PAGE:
What is the best thing to do?
As I mentioned above, if you already have a very strong brand among engineers, or if you want to do a few one-off hires, casting a wide net may make the most sense for you. However, if you don't yet have a strong brand but do want to scale your team, I would suggest the following.
Take some of the money and time you would have spent on spamming and use it to build your brand. First, ask yourself if your company is the kind of place where really great people want to work. If it is, that is awesome. If it's not, then fix it. Even once awesomeness is in place, if no one knows about why you're awesome, no matter how much time or money you sink into recruiting, you will not be able to hire top people at scale.
In general, it's very tempting to look at low-effort, seemingly accepted, high-cost solutions and hope that they will make everything better (e.g. finding an in-house recruiter and hoping that he/she will fix all the things, throwing money at agencies, buying ad space, buying a huge booth at a career fair). However, that money is best spent on finding meaningful ways to tell the world that:
(1) you have a great product,
(2) your company is full of really smart, driven, passionate people that anyone would be proud to work with and learn from, and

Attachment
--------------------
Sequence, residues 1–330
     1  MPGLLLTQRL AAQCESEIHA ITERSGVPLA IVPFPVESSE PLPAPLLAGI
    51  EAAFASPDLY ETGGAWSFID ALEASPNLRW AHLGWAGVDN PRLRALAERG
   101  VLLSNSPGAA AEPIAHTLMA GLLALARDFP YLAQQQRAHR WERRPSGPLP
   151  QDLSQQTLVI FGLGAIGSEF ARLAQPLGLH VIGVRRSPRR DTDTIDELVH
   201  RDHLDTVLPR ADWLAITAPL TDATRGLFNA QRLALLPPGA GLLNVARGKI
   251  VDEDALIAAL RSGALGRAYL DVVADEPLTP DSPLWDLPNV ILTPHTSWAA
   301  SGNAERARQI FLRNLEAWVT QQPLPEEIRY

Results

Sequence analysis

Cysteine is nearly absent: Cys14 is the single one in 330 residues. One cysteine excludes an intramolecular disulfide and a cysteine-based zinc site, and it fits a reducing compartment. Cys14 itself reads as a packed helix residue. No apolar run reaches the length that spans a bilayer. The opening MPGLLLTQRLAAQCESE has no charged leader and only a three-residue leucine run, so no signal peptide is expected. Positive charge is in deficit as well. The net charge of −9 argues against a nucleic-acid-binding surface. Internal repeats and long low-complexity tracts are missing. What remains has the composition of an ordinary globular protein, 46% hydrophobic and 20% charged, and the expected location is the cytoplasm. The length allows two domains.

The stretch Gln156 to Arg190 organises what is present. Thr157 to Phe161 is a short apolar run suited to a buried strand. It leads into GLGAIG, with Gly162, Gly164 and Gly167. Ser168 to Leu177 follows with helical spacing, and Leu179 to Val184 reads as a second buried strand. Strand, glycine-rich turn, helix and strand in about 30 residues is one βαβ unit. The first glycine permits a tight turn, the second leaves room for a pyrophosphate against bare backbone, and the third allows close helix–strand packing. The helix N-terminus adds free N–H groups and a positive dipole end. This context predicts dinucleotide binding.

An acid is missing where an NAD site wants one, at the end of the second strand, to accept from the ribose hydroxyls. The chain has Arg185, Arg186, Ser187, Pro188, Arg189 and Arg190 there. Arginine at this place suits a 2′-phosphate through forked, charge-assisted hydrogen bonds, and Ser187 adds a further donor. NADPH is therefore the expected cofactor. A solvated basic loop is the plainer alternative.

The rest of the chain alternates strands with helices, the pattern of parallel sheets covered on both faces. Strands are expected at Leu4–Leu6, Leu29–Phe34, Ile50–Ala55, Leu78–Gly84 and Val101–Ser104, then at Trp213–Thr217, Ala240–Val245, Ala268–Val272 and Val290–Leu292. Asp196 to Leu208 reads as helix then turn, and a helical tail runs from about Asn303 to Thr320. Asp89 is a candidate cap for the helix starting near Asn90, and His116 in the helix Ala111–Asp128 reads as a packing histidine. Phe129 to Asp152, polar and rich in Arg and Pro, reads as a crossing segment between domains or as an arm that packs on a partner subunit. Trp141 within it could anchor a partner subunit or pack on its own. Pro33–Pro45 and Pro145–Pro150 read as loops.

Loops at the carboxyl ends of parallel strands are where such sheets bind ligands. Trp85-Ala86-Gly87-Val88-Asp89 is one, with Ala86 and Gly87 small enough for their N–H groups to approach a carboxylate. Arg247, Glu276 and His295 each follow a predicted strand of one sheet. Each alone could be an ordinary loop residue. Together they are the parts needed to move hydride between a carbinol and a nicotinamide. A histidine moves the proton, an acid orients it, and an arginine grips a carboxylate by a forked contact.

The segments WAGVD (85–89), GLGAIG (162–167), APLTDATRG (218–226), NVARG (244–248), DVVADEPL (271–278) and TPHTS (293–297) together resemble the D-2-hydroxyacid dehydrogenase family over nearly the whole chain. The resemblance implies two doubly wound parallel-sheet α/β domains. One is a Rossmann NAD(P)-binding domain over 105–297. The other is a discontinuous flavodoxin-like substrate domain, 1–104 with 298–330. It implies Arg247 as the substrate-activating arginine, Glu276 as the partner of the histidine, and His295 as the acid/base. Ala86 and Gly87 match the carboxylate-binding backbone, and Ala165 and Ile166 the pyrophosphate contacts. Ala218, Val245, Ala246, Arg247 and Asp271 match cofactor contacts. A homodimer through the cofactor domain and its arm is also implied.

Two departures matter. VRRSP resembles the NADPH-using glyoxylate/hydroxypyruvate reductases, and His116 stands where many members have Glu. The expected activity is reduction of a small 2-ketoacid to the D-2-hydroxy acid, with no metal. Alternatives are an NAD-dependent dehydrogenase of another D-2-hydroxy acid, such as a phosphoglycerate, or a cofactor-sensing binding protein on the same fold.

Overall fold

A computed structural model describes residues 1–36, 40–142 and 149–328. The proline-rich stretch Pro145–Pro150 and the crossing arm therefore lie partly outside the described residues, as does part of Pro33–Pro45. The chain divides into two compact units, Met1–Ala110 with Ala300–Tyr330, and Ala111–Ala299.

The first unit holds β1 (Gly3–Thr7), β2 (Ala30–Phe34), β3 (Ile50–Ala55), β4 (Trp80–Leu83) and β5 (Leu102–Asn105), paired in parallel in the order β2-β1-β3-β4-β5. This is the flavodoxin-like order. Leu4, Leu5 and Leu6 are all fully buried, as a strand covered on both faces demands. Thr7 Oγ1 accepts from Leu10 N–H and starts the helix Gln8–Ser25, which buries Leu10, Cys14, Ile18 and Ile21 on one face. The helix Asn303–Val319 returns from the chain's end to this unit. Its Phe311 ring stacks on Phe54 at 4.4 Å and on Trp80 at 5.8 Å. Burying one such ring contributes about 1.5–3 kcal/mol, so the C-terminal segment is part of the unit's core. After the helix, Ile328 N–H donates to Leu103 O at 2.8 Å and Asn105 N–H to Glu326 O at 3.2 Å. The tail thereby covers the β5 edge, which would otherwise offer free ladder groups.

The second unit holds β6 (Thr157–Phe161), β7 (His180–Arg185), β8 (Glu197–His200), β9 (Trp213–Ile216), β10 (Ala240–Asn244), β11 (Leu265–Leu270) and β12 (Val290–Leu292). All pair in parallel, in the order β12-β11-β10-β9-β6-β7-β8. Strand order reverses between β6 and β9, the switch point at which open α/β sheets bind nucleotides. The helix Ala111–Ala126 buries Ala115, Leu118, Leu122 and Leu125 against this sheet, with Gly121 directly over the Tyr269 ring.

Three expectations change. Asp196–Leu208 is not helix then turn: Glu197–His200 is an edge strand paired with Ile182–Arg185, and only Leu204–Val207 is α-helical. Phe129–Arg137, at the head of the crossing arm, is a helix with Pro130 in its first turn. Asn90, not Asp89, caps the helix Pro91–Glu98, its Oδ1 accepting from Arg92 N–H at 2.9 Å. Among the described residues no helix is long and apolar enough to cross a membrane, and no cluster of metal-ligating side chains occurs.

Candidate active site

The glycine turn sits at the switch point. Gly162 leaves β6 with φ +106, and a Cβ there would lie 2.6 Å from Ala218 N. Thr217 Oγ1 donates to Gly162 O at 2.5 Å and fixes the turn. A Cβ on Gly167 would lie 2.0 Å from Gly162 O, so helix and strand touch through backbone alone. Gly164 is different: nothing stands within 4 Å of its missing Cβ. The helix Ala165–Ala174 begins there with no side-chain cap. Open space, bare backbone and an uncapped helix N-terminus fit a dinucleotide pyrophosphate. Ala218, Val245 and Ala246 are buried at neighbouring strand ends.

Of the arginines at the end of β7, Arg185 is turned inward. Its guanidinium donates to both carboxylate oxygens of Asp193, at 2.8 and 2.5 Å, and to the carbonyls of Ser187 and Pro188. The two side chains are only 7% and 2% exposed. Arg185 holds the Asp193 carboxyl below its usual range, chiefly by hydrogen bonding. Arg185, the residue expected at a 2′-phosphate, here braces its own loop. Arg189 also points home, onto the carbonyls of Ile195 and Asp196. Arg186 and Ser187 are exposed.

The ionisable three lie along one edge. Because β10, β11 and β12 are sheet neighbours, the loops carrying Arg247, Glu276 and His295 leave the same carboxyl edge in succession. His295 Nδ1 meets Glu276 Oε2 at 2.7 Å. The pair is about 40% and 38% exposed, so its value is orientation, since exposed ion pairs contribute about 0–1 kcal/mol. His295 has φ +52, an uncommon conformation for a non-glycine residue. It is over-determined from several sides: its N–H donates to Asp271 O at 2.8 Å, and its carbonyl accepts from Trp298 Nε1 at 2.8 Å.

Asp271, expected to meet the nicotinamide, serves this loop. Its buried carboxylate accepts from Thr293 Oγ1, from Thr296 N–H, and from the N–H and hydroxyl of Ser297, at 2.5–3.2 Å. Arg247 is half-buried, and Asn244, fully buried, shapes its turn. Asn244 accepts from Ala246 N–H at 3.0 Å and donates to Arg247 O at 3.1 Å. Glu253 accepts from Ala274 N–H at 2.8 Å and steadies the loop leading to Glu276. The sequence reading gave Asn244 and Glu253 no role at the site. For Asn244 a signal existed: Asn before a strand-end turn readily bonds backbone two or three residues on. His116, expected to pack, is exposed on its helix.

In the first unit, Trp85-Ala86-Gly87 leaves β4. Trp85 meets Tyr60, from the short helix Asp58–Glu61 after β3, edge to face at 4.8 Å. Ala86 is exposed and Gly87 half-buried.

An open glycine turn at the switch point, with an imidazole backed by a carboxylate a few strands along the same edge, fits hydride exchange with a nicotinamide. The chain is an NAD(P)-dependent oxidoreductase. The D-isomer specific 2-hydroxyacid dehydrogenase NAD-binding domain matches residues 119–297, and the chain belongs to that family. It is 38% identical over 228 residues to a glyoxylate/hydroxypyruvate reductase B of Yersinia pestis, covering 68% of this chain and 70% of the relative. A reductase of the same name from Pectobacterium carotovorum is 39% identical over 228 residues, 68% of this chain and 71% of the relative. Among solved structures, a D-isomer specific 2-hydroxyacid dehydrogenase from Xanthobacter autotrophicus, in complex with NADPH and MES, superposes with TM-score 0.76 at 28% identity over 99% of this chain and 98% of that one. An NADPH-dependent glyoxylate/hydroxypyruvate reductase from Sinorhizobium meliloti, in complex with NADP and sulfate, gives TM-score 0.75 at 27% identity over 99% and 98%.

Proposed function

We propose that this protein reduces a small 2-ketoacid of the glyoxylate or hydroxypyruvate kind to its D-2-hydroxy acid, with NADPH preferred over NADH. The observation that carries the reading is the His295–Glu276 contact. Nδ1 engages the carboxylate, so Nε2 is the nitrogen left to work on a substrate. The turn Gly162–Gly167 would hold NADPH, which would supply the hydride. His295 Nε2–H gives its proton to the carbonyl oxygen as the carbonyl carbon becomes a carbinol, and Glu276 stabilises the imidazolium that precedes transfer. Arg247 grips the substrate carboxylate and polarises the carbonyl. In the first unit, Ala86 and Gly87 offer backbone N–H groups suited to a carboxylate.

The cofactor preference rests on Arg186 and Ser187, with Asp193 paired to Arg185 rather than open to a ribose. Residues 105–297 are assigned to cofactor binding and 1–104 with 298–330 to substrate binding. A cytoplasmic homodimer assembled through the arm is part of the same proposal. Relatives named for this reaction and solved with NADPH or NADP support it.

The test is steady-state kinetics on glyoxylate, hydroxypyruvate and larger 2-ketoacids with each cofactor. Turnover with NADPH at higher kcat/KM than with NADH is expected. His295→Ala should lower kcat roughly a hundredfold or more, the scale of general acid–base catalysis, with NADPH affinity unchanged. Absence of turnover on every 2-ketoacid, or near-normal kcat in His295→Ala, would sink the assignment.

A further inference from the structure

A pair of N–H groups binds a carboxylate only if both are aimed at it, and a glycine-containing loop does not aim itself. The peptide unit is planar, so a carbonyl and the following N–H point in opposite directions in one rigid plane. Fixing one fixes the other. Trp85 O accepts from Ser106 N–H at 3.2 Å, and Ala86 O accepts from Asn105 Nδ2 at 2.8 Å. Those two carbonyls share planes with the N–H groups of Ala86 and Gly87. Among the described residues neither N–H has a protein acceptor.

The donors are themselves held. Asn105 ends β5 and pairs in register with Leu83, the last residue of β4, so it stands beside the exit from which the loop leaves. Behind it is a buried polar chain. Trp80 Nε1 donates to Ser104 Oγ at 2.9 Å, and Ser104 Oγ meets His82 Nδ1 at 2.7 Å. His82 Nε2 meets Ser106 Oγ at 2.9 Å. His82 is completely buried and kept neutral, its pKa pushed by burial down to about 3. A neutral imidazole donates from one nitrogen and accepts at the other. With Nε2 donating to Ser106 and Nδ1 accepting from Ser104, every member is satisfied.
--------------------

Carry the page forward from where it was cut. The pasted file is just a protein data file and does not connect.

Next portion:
(3) that you're solving hard and interesting problems.
There are a number of ways to accomplish this, including
- giving tech talks (both at schools and at meetups)
- open sourcing some of your stuff
- having an engaging engineering blog
- hosting hackathons and meetups
- having really great job ad copy
- having a creative, fun, and difficult coding challenge that will make people want to share that they've completed it
- having members from your team share what they're working on on their own blogs
- guest-posting somewhere like TechCrunch, if possible
- developing a highly selective internship program
Some of this stuff is hard to do, but without it, hiring is going to be an uphill battle.
Once a strong eng brand is in place, you can employ a mix of the two techniques you mentioned, depending on what resources you have available to you. In addition to GitHub and LinkedIn (as well as Entelo, which aggregates info found on these sites and others), I would recommend StackOverflow (more for their candidate database than for their job board), Hacker News' whoishiring, and potentially working with and .
Note: This post is adapted from an answer I wrote on Quora.